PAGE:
Typically the cookie table is available during the coarse of the entire reception. The fun part of a wedding is getting to eat the sweets first, dinner second. If you would like to invite guests to take cookies home, provide small boxes for your guests to use for transporting the cookies. These little boxes will let people know they are allowed to take cookies home. I remember stuffing some cookies and napkins when I was younger. People are going to take cookies home no matter what so let them now they are welcome to do so with little boxes. This is a great idea if you choose to have an adults only reception. Kids get bummed sometimes if when they don't get to do something so bringing home a treat is a great idea so that they also feel included. The goal is to have all your cookies eaten or taken home so they don't go bad while you are off on your honeymoon. If you do have extra cookies, you can also freeze them. Most cookies freeze well.
Where do all those cookies come from?
Almost every single wedding you may ever attend in Youngstown will probably have a cookie table. It doesn't matter the ethnicity of the couple getting married, you'll find kolachi, pizelles, buckeyes from Ohio, lady fingers, and those nifty little tiny cheesecakes with the cherries on top (which by the way are my absolute favorite). The table consists of cookies from recipes that your family has been baking in their own kitchens for years. Typically, we don't purchase a lot of cookies from outside sources, but you can if not many people in your family back. The tradition is all about saving money. The women in your family step in and bake these little gems, typically it is the bride's family that does the cooking but most people recruit everyone in their family that is a great baker.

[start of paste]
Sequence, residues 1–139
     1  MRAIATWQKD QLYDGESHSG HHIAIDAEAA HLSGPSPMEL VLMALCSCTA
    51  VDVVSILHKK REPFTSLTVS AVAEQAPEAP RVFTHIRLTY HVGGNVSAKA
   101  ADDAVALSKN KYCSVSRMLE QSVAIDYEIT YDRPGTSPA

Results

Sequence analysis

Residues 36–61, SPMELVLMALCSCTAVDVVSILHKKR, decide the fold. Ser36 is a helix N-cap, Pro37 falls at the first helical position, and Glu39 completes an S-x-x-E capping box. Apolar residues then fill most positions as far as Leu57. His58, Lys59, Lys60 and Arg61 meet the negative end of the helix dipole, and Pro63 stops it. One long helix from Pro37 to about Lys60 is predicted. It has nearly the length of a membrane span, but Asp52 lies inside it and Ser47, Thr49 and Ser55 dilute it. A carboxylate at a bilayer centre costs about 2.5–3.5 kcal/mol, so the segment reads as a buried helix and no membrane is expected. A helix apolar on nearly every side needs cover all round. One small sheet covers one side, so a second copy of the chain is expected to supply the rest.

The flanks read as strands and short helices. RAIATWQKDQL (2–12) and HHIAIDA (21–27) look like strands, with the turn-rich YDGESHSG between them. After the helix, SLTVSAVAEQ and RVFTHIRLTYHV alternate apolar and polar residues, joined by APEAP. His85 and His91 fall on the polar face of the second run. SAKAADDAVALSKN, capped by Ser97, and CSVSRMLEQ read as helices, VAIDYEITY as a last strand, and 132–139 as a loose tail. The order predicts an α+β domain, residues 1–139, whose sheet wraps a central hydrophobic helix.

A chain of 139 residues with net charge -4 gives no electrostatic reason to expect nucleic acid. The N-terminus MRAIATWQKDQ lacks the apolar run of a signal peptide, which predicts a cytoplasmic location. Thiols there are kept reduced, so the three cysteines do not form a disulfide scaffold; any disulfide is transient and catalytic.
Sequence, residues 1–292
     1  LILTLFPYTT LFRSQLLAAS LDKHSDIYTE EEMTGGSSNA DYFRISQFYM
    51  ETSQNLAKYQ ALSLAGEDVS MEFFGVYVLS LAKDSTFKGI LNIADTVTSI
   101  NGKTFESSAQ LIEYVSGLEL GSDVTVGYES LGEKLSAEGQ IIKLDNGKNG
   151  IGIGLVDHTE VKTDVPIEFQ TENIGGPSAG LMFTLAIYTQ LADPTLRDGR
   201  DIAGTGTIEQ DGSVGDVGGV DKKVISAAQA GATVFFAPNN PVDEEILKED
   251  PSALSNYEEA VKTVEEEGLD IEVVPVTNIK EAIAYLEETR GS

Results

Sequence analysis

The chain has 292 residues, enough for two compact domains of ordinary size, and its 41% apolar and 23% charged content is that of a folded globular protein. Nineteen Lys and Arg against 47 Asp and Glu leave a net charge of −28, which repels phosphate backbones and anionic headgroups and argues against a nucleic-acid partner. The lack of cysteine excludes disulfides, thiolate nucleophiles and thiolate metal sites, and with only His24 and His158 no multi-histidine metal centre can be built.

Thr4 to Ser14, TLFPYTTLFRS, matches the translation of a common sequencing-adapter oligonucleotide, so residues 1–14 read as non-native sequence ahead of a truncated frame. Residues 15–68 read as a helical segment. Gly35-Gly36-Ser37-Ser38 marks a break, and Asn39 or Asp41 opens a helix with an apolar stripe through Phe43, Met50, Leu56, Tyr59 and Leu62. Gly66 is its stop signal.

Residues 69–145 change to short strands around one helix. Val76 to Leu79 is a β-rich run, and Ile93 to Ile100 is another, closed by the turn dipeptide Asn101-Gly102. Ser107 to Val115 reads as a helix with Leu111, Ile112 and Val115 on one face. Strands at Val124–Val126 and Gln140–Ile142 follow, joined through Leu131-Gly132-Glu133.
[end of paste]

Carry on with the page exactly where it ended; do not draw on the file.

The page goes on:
Below are some of the recipes from my families recipe box. I have no clue where these have come from or their origins because they are just recipes on cards my family has been using for years. I assume church recipe books and other sources in that category.
Mini Cheesecakes -- My Favorite Wedding Treat
- 2 packages of cream cheese
- 3/4 cups of sugar
- 2 eggs
- 1 tablespoon of lemon juice
- vanilla wafters
- 18 cupcake liners
- pie filling or fresh fruit filling
- Bring all of the ingredients to room temperature.
- Cream the cream cheese and sugar together well.
- Add eggs and lemon juice, continue to beat until very smooth.
- Line the cupcake pan with the liners and place a wafer in each cup.
- Fill each cake cup with the cream cheese mixture and bake at 375 degrees for approximately 15 to 20 minutes.
- Allow to cool and store in the fridge.
- Put fruit filling on top of the little cakes when complete.
Displaying the Cookies
How you display your cookies depends on how formal your wedding is and how large your wedding is.
Are you having a formal evening affair with cocktails and fancy cheese plates?
I would then suggest placing your cookies on gorgeous silver platters.
Is your wedding more of an informal affair?
Ask your family to bring some of their favorite plates to place the cookies on display. It will give the table a very intimate appearance. But beware, that aunt that doesn't always listen might bring blue plates to a wedding that has no blue int it. It's a risk you take if you decide on this method.
A small wedding shouldn't have a huge cookie table and a huge wedding should have a tiny little cookie table. Adjust according to guests. I like to plan between 3-5 cookies per guest, more if you invite guests to take cookies home in gift boxes.